The inhumanity recorded in Mariupol is being repeated in a score of other towns. In Mariupol’s case, this may be due to sheer Russian frustration; after nearly three weeks this port city, a Day One objective, has still not been subdued. Humanity and compassion mattered not to Lenin or Stalin; it matters even less to Putin, motivated by power rather than dogma. This damage to people and their buildings is not accidental. It is designed to force Kyiv to submit, and the wider world to pressure Mr Zelensky to cave in.

Howls of domestic outrage greeted the news from Moscow that Meta, the parent company of both Facebook and Instagram, was designated “an extremist organisation”. Access to both social media was immediately restricted. Putin’s need to regulate his own citizens’ access to data is a throwback to the Communist era. It is the hallmark of a tyrant, who needs to dominate the minds of his citizens via controlling the information they receive.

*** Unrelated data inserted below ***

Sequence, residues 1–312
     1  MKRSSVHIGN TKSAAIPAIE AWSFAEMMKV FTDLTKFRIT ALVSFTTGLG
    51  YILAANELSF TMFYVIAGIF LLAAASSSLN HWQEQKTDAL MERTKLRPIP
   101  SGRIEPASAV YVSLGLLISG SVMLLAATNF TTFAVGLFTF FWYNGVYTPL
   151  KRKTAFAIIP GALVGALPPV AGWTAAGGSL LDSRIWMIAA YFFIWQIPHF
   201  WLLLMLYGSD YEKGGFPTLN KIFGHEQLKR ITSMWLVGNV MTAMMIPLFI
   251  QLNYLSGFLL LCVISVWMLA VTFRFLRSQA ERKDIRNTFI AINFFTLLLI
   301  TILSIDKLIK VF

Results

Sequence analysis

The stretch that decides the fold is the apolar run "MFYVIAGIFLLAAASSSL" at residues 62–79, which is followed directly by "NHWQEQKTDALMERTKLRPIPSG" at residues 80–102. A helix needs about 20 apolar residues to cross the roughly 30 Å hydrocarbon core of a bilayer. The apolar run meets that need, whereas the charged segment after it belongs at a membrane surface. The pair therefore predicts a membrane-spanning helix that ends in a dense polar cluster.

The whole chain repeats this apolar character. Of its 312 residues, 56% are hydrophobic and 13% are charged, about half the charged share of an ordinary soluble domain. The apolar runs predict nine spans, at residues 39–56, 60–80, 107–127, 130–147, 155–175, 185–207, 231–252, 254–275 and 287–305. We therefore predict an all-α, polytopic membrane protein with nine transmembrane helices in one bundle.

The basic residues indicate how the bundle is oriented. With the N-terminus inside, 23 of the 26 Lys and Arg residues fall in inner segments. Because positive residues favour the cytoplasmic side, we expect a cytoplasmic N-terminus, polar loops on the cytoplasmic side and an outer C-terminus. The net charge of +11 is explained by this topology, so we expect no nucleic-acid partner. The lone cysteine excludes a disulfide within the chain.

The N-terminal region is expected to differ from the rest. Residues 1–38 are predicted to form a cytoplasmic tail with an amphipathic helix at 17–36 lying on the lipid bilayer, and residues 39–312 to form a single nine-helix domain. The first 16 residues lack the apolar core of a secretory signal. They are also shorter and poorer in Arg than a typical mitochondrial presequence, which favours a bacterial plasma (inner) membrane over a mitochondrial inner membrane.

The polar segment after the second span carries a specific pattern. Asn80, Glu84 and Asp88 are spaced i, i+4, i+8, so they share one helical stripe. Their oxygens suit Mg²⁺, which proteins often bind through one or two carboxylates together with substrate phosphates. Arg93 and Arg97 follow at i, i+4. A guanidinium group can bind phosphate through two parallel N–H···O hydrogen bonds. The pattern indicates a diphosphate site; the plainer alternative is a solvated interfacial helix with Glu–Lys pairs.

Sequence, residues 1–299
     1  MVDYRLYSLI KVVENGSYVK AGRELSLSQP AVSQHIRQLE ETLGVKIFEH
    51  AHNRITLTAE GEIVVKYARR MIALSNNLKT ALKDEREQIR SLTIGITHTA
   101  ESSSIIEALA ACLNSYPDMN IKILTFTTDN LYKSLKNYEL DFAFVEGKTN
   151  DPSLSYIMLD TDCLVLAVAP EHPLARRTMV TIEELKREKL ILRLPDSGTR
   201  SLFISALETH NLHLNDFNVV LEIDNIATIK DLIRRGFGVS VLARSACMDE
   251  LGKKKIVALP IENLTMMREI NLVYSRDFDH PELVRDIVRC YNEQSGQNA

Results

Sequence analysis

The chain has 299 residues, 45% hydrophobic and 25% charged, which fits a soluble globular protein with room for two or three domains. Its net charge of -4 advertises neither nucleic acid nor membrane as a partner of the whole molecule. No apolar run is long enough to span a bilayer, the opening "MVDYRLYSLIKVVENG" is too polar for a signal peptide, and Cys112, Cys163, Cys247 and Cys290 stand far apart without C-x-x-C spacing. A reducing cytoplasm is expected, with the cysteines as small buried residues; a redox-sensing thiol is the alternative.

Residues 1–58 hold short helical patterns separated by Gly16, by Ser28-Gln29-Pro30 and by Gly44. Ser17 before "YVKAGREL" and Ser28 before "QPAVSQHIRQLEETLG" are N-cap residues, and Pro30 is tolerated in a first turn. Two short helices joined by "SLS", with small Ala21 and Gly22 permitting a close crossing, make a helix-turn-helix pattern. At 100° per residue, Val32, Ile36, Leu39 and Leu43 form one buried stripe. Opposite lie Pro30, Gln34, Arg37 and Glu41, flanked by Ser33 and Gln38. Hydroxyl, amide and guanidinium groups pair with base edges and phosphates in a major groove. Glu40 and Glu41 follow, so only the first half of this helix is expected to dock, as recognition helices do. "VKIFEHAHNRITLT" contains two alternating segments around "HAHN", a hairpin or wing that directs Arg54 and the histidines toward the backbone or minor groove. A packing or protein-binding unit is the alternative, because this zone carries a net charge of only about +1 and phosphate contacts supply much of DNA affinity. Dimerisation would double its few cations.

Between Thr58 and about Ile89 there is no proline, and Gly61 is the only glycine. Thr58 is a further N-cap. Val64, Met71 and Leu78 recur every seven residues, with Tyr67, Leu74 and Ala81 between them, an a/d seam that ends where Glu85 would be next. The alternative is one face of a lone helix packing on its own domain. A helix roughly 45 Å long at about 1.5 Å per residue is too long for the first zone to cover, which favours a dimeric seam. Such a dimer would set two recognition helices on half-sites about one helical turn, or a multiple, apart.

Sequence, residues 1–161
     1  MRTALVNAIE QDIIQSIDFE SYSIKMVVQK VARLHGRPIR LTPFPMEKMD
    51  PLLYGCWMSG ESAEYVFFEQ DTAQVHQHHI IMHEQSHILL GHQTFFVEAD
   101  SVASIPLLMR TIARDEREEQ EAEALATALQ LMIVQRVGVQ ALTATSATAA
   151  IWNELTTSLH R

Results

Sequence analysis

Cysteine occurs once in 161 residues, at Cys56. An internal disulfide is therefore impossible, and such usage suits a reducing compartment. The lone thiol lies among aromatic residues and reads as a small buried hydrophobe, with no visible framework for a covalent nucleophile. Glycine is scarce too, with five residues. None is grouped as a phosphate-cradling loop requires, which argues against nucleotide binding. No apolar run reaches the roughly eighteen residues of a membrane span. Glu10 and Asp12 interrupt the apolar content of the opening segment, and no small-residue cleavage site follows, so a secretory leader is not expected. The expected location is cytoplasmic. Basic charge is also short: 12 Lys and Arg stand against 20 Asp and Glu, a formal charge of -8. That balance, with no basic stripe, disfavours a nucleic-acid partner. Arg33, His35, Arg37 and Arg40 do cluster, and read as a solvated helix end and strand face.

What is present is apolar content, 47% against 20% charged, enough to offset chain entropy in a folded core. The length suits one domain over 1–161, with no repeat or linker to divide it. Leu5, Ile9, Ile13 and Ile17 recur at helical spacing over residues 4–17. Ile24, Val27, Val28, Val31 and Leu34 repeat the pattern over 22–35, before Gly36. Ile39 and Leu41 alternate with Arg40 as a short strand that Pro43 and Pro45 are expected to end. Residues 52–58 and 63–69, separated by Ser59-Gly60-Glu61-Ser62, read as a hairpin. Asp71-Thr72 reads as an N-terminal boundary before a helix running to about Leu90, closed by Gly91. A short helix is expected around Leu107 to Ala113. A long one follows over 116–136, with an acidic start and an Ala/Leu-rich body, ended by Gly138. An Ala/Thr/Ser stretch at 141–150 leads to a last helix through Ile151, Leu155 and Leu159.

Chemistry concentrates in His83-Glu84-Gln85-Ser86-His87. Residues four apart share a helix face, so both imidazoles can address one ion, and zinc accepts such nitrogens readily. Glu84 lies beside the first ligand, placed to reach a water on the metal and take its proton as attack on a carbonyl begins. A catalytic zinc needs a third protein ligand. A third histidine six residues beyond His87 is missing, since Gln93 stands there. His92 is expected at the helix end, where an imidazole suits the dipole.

If President Zelensky can hang on long enough, victory may be possible

Every image, every phrase is managed, nothing is left to chance. Hence, the full scale war on neighbouring Ukraine remains, three weeks into the murderous campaign, a “special military operation” in Kremlin-speak. We have seen Marina Ovsyannikova, a brave executive in a television studio, Yelena Osipova, an elderly survivor of the siege of Leningrad, and 13,000 other protesters arrested, charged with “hooliganism” and fined or jailed for speaking out against the conflict. Bullying abroad, intimidation at home. 

Moscow’s dark allusions to chemical and nuclear weapons, vocalised several times in the last week, also need to be understood in this context. These words are part of the Kremlin’s threatening tactics. However, stay calm. To release chemical weapons requires some pretty ugly ingredients to be mixed as close as possible to the airborne munitions or land-based artillery that will launch them. These arrive by road or rail in tankers, and you can bet that every single vehicle associated with chemical weaponry is being monitored hourly by NATO’s satellites and other means.